Well you also pointed out in the original master plan that the jobs component was far from inconsequential over that 20-30 year period…
Well it’s massive. It's massive. Because think about the conversion. Here’s Obama talking about mending some bridges — which we better do — and some roads, and putting a little money into the grid. What we're talking about is the complete conversion on the entire infrastructure of every community of the world, meaning Pillar 1. Huge amounts of jobs are in harvesting and moving to renewable energy technology and producing it. Pillar 2, you’ve got to convert every damn building in every community and region into a power plant. That’s 40 years of reconstruction, retrofitting, everything. Pillar 3: Imagine how many jobs you have to create to put actual storage in, hydrogen storage across every part of an infrastructure. Pillar 4: We have to convert the entire power and transmission line, that’s 30 years. Pillar 5: We have to develop logistics and transport that’s completely plug-in to the system. So when you look at what has to be done, it can actually employ two generations between now and 2040 in full employment. But then we have to be able to actually think about public-private partnerships.
Now America’s going the other way, we want government out of this. That’s absurd. The first and second industrial revolutions relied completely on public-private partnership. The Libertarian myth is that the marketplace created it. The market place didn’t underwrite the power utility industry or the auto industry or the oil industry or the interstate highway expansion or the FHA loans that allow people to get homes in the suburbs and commercial incentives that allow depreciation for commercial building. All that was government. So what I am saying here is that the opportunities are really here to create lots of jobs. The coalition we put together in Europe on the ground is quite different from here. Last year, you saw in the book, we mentioned that the UEAPME [European Association of Craft, Small and Medium-sized Enterprises], which is the federation of all SMEs [small and medium-sized businesses, or enterprises] in Europe. All the SMEs have come together; they represent almost 65 to 70 percent of the businesses in Europe. … They now are a whole interest group that scales laterally and in our lobby group are moving this in place. Here I don’t know who that group would be, you could have the trade associations, which we are trying to do. But you really need to get small business behind this, and then consumers, and everyone else like we have in Europe, so you have people that are incentivized to move this in terms of mass acceptance. It's a nice challenge.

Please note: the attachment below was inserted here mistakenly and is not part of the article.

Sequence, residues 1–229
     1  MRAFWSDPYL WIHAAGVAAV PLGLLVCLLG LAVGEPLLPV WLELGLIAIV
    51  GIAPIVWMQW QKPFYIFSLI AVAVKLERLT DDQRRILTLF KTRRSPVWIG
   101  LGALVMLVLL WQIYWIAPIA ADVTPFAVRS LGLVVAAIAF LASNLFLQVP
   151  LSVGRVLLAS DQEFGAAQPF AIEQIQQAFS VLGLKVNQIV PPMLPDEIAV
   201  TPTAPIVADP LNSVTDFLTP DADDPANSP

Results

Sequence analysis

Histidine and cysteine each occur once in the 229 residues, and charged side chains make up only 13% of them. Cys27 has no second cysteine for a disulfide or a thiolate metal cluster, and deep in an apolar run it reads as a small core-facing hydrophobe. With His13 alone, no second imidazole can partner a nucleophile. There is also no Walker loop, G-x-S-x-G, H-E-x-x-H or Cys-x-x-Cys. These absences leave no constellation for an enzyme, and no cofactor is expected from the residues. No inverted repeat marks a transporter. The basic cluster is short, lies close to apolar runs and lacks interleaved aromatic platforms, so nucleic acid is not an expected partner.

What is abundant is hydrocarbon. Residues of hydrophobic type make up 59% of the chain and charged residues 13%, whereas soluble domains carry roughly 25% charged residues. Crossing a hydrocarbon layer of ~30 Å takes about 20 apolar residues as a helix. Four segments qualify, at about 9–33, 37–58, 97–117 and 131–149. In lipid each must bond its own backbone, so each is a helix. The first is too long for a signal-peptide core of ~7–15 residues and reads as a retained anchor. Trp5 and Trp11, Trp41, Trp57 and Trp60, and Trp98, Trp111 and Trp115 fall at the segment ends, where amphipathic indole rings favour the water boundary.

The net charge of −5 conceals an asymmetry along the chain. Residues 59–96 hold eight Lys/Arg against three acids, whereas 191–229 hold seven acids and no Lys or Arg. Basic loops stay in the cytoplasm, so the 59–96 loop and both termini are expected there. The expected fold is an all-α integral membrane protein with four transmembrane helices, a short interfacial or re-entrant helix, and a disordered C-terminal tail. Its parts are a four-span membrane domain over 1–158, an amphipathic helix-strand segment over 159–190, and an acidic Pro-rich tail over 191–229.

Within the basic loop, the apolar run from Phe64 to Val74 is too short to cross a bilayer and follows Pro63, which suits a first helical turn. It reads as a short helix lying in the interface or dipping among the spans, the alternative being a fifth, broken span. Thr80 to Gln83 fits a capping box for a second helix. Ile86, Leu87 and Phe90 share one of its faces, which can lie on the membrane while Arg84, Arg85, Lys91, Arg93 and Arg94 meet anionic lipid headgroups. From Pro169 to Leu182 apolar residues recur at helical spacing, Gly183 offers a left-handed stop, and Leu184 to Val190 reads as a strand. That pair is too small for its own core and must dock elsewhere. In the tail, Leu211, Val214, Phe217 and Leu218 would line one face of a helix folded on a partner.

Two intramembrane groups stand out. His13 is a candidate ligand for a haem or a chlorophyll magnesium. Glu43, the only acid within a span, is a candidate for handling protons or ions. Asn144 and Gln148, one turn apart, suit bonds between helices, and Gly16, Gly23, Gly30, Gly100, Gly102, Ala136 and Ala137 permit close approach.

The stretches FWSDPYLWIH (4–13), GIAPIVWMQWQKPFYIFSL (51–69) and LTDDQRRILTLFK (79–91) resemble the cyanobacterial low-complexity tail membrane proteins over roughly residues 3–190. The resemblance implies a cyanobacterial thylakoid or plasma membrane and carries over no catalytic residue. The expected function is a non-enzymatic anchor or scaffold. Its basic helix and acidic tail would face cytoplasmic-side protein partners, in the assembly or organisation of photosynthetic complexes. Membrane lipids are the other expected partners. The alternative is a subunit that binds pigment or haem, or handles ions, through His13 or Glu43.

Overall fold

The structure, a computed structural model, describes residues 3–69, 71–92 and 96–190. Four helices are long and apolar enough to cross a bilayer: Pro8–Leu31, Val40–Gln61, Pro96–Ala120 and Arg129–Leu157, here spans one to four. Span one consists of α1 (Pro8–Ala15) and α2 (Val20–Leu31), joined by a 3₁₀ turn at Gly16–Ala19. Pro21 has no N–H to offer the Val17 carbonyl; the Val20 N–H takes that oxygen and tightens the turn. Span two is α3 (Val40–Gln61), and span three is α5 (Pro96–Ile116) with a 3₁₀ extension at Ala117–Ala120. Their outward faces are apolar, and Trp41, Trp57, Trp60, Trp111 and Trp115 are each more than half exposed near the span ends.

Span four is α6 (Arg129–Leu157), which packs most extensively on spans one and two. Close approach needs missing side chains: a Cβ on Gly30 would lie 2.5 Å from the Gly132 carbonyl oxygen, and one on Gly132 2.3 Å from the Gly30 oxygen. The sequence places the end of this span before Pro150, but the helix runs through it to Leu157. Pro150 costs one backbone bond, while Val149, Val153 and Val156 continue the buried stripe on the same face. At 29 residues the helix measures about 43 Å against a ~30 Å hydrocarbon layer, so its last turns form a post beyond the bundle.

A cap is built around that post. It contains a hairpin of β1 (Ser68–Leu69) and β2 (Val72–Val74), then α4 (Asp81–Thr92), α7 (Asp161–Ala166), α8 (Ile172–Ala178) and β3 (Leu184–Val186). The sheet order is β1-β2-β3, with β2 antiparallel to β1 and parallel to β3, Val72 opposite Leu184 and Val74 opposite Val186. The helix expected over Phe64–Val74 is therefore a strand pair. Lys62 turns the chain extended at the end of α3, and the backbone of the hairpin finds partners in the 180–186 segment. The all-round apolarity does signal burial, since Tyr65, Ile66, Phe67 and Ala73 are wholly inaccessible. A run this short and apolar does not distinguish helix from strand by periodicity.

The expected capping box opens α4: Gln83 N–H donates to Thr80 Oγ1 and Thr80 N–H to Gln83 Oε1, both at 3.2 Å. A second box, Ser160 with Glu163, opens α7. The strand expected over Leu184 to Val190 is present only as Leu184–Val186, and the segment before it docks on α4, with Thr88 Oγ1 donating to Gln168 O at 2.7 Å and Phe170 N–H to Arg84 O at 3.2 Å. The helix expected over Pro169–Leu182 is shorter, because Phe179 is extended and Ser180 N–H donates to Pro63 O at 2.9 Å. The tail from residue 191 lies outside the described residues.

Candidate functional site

With mass-acceptance, specific to San Antonio, how significant was the kind of mischaracterization or lack of context in the initial reports about the cost of the master plan?
Well, it was a little bit of a, a big surprise to us. All of a sudden we get this feedback that “Oh my god, Rifkin and is team are saying we need billions and billions of dollars.” And anybody, I don’t know why that happened frankly. But I was in emergency mode, saying “What is going on here?” We were talking about x-billion over 25 years phased in with all the appropriate incentives, money that would have been spent anyway on old infrastructure. So that was a little bit of a shock that it happened. I hope that, you know I immediately got a hold of people in civil society and talked to folks, and … they figured out very quickly that that is not we were talking about. If you read the report, it's absolutely not. I don’t know how much that hurt in the short run. I don’t know why it was put out that way.
I still hear people that I think would know better that have been supportive of the plan say, “Oh,” it’s like it’s already gone in to our historical databases, “Oh, that was too expensive.” Somehow that caught traction because there was never any follow-up to say, “Well what is this plan really?” And I thought that was really curious…
I don’t know, I think it was because of the shake up at CPS.
Yeah, in the middle of everything else.
But I do think from what I understand that they are taking for sure bits and pieces of each of these pillars, there’s no doubt about that.
I don’t think [CPS CEO Doyle Beneby] sees buildings as power. I don’t think he sees really decentralization.